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To what extent was Charles I personnaly responsabile for the outbreak of the English Civil War in 1642?

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Georges Villiers incontestably, had all the qualities required to win the affections of the king (Duchein 2001: p.24) and just one year later he was knighted and appointed Gentleman of the Bedchamber. The following year he was the first commoner to hold the office of Master of the Horse and by 1616 he was created viscount and Earl of Buckingham. Buckingham was not content to be a mere favourite, his ambition was to become minister of state: to control policy as well as favour (Kishlansky 1996: pp.96-97). Buckingham’s power at the Royal court being founded solely on favour put him in a vulnerable position and when King James’ health began to decline he put aside the early indifferences he had had with Charles and they became close friends and indeed half-brothers as James regarded Buckingham as his ‘bastard brat’ (Cogswell 1989: p.64).

In 1623, the same year he was given the Dukedom of Buckingham, Charles and Buckingham travelled to Madrid to try and secure the marriage arrangements with the Spanish Infanta. Buckingham was reassuring to a shy, anxious young man who lacked gumption and he was happy to help him overcome this deficiency (Cogswell 1989: p.64). In 1625 on the death of his father, Charles was crowned king. The strong influence Buckingham had on Charles during the first years of his reign made him very unpopular with parliament. Buckingham had enjoyed virtual carte blanche in the direction of foreign policy and he had made a large share of the running in the government of Church and state (Reeve 1989: p.37). This ultimately led to him facing a parliamentary impeachment in 1626 and this crisis in his political career eventually led to his assassination in 1628. Charles was left with complete responsibility of the conduct of national affairs, in removing Buckingham it brought those who doubted the king a step closer to recognizing him as the cause of their grievances (Reeve 1989: p.37).

On the failure to negotiate a marriage alliance with Spain, Charles married Henrietta Maria, Henry IV of France’s daughter and a Roman Catholic. Buckingham’s close relationship with Charles during their first years of marriage had caused indifferences between the couple, but when Charles’ confidante was killed, Henrietta Maria became a close advisor to the king. The influence of Henrietta Maria made Catholicism fashionable and led to a number of prominent conversions. The greatest advocate of religious union was Charles himself and held frequent discussions with a papal agent (Lockyer 2005: p.313). Parliament was suspicious of this and concern grew among the members that the Catholic minority would feel emboldened to reassert power as the French court continually supported the effort to destabilize Protestant England.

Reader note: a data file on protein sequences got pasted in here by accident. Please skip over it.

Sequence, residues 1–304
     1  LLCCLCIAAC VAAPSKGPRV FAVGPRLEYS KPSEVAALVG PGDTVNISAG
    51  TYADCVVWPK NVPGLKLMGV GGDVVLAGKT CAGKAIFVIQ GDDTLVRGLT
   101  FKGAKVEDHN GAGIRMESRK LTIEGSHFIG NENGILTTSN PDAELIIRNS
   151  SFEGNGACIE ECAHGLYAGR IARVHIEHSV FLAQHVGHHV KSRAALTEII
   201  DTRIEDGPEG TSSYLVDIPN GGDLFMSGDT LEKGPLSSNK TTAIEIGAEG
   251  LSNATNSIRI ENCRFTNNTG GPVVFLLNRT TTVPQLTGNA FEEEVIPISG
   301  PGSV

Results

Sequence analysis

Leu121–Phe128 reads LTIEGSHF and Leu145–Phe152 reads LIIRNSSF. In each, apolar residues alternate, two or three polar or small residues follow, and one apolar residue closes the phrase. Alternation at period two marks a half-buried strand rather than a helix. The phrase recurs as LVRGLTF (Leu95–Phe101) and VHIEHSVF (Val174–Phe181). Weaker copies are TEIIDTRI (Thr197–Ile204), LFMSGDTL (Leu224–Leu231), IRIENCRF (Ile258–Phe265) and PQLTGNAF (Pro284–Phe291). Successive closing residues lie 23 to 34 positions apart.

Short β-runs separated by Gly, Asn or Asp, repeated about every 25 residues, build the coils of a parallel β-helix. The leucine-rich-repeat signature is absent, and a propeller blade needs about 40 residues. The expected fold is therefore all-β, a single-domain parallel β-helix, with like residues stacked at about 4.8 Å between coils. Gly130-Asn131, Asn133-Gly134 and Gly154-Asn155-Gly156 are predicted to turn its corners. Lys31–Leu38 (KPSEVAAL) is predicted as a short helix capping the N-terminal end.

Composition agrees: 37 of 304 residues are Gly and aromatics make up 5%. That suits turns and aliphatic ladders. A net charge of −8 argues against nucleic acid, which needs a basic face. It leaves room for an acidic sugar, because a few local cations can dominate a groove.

One of the last events that ultimately led to the downfall of the monarchy and consequently the outbreak of the civil war was the Irish Rebellion, a violent insurrection of Catholic landlords and peasants against English Protestant settlers. Unfortunately for Henrietta Maria, the rebels called themselves ‘the Queen’s Army’ and claimed to have received royal authorisation. The queen and her supporters came under even greater scrutiny, leading to rumours that some parliamentary members were planning to impeach her. In a last attempt to stifle slander Charles first issued a proclamation denouncing the Irish rebels. Convinced that those behind the proposed impeachment were to be found in the House of Commons, on the 3rd January 1642 the five members concerned were formally accused of subverting fundamental laws (White 2006: pp.52-53), when he went to arrest them the following day they were nowhere to be found.

Some historians have debated that the collapse of the monarchy in the 1640’s was due to the foolhardiness and consequent arrogance of Charles I (Lee 2004: p.200), others have attempted to trace the origins of the Civil War back to the Elizabethan reign and the war with Spain (Lee 2004: p.199). It is questioned if the arrival of King James I to the English throne was the starting point of the decline in constitutional rule that would lead to Civil War (Lee, 2004: p.199) James I was not a particularly competent parliamentary manager and to say that James was a much better king than Charles is not to say he was a good king or enjoyed good relations with his parliaments (Russell 1990: p.55). Whether Charles I could have averted or postponed the civil war, whether the change could have been effected peacefully is doubtful (Gregg 1981:p.448). Charles had always feared parliaments and politics, his arrogance and the influence of his unpopular close acquaintances did without a doubt contribute to the crisis of the 1640’s. But the faults in English administration were more fundamental than can be blamed on any one man (Russell 1990: p.55).


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